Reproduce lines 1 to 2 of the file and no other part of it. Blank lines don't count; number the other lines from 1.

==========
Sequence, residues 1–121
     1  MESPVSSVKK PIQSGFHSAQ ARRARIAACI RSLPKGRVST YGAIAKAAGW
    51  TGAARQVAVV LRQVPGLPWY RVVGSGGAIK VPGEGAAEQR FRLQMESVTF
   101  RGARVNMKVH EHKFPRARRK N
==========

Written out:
Sequence, residues 1–121
     1  MESPVSSVKK PIQSGFHSAQ ARRARIAACI RSLPKGRVST YGAIAKAAGW